Changing weather

Changes in climatic trends may be part of a decade-long pattern known as the Pacific Decadal Oscillation

Published: Tuesday 29 February 2000

scientists believe the world is on the verge of a change in climate patterns that could last 20 to 30 years. "If the trend is confirmed the change could have a major effect on Asia," says Michel Deque, a climate modelling expert with the French weather service, Meteo France.

Scientists at the National Aeronautical and Space Administration's ( nasa) Jet Propulsion Laboratory ( jpl ) at Pasadena, California, studying new imagery from the us- French topex/ Poisedon satellite, believe the abnormally warm ocean temperatures in the entire western Pacific and Asiatic oceans, may be a part of a larger, longer-lasting climate pattern.

"In contrast with the more spectacular but shorter duration El Nio and La Nina events, this multiple-year trend may be part of a decade-long pattern known as the Pacific Decadal Oscillation," says William Patzert, an oceanographer at jpl.

According to this theory, the Pacific Ocean switches between warm and cool every 20, 30 or 40 years. In the warm phase, an abnormally warm wedge of water appears near the Americas, while the sea surface cools near the Asian Rim from Japan to Australia.

The alternate cool phase occurs when the sea surface around the Asian Rim gets abnormally warm; at the same time, the ocean off the western United States is colder than usual. This leads to weather patterns similar to those produced by La Nina: the periodic arrival of abnormally cold pacific waters off Central America. The eastern Pacific is presently in the grip of a particularly long-running La Nina.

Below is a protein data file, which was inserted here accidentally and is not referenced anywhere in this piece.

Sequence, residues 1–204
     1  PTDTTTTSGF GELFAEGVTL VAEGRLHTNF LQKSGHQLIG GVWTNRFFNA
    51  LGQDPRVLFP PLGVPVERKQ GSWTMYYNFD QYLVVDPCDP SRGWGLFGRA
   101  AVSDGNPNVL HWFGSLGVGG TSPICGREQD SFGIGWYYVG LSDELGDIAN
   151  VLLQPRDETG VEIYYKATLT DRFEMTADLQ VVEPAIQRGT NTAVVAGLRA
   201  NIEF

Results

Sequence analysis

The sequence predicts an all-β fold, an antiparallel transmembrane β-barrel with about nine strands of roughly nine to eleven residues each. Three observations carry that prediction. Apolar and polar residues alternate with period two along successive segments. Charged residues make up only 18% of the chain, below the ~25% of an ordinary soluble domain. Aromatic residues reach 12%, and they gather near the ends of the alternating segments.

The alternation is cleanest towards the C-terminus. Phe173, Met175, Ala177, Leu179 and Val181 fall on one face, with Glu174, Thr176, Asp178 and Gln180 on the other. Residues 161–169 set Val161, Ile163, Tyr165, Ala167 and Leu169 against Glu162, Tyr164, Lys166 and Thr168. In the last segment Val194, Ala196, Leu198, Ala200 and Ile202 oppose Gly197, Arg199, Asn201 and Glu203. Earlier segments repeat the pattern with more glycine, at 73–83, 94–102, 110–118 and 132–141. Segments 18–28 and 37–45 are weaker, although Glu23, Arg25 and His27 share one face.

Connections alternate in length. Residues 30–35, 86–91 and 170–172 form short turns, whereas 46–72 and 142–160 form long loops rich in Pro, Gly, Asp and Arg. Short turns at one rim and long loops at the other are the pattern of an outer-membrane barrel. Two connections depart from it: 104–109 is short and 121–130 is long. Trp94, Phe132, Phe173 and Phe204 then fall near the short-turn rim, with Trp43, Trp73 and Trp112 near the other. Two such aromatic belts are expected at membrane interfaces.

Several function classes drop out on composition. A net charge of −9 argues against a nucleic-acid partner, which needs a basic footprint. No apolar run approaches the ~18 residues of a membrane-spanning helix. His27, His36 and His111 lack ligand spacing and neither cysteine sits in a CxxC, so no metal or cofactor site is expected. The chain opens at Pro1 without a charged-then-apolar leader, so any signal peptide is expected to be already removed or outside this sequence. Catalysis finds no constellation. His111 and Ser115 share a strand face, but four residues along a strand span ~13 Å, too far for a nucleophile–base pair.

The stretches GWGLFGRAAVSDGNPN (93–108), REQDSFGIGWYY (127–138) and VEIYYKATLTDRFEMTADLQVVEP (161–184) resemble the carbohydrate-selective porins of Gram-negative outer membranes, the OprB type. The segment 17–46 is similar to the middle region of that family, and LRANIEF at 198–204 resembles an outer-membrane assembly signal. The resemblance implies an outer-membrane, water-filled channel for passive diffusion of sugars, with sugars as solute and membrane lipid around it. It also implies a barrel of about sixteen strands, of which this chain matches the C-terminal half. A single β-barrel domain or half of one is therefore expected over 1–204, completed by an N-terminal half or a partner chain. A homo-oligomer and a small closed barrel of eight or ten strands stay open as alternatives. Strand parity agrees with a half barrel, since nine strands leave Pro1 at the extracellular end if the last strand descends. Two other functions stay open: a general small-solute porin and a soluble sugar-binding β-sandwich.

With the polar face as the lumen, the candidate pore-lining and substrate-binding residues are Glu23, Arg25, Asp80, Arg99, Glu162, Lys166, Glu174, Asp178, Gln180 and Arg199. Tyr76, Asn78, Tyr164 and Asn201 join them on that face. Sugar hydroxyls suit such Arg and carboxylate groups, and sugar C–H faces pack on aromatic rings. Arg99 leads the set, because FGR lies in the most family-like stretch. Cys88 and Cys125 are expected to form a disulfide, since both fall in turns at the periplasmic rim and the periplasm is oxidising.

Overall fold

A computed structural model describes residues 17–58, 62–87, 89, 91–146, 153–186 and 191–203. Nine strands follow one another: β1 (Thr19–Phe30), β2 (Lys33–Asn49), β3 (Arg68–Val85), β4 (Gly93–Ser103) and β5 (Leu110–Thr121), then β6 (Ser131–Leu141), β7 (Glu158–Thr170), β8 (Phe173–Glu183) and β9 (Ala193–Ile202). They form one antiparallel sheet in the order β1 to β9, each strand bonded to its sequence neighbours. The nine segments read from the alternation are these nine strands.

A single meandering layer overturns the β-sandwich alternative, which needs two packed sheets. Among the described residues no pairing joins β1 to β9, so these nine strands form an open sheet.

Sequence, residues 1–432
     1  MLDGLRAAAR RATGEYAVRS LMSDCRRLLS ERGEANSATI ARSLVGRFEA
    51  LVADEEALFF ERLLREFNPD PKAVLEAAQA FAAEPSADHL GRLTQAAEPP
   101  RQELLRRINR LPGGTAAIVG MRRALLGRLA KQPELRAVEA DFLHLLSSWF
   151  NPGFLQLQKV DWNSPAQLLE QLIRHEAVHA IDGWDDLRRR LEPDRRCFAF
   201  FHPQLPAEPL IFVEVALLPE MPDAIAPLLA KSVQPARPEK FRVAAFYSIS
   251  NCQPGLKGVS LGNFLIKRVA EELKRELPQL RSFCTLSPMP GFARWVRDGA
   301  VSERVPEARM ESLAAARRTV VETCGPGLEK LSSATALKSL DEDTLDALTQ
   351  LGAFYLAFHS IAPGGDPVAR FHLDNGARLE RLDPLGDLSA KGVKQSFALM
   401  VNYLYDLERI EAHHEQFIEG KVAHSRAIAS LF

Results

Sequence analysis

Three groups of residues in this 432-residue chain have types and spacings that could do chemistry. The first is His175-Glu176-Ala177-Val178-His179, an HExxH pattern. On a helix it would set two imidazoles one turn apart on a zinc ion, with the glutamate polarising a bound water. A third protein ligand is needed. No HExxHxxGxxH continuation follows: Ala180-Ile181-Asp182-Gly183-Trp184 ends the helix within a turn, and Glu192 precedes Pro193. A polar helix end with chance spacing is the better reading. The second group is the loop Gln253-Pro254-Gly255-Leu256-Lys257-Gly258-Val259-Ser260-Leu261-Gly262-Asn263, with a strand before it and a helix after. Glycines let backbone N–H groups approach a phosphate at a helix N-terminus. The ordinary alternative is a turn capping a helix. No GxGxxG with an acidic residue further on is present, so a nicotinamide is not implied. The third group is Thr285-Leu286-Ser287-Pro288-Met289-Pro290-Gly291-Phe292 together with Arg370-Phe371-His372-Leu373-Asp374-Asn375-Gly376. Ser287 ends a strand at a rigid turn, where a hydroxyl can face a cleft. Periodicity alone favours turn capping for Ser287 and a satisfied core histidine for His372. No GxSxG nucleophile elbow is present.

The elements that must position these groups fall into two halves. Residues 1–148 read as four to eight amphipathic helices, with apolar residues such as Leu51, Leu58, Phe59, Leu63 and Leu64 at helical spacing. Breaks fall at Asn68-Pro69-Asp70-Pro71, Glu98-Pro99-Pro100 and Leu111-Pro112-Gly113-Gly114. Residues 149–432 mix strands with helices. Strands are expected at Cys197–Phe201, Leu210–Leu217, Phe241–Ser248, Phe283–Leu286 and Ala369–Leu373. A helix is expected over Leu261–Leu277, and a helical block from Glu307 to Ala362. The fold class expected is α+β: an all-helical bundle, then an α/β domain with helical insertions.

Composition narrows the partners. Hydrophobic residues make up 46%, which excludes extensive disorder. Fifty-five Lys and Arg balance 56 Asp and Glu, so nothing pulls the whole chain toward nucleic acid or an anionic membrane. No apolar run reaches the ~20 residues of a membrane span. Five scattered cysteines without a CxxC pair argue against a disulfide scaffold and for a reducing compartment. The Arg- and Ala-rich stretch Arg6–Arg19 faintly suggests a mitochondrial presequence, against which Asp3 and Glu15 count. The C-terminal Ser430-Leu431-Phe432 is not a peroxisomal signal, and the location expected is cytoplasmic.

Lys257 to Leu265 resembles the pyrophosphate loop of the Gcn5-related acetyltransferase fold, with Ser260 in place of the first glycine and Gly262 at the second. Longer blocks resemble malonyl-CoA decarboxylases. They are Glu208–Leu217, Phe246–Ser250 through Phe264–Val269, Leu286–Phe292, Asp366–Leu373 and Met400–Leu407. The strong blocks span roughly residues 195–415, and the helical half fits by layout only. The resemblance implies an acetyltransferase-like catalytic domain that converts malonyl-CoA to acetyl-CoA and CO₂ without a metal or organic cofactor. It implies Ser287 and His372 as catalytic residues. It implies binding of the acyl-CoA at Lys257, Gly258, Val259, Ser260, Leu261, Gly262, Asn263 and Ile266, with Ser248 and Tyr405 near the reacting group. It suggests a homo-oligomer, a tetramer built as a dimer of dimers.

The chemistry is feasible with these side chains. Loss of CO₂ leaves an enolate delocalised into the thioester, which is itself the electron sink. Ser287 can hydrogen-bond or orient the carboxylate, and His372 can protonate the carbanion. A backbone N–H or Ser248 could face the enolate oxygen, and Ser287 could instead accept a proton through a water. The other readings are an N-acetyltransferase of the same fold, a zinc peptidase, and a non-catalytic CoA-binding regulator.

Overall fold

One result of warmer waters around the Asian Rim, he said, could be rainier summers and milder winters in Japan, China and Korea while there would be an increase risk of typhoons in Southeast Asia and other tropical areas.

The cool-phase conditions was first notice in mid-1998 and it has grown clearer in the past 18 months. Ants Leetmaa, who heads the National Oceanic and Atmospheric Administration's Climate Prediction Centre, suspects that the shift began in 1995, if not earlier, based on worldwide changes in rainfall patterns, hurricane numbers and other variables. But no one can say for certain.

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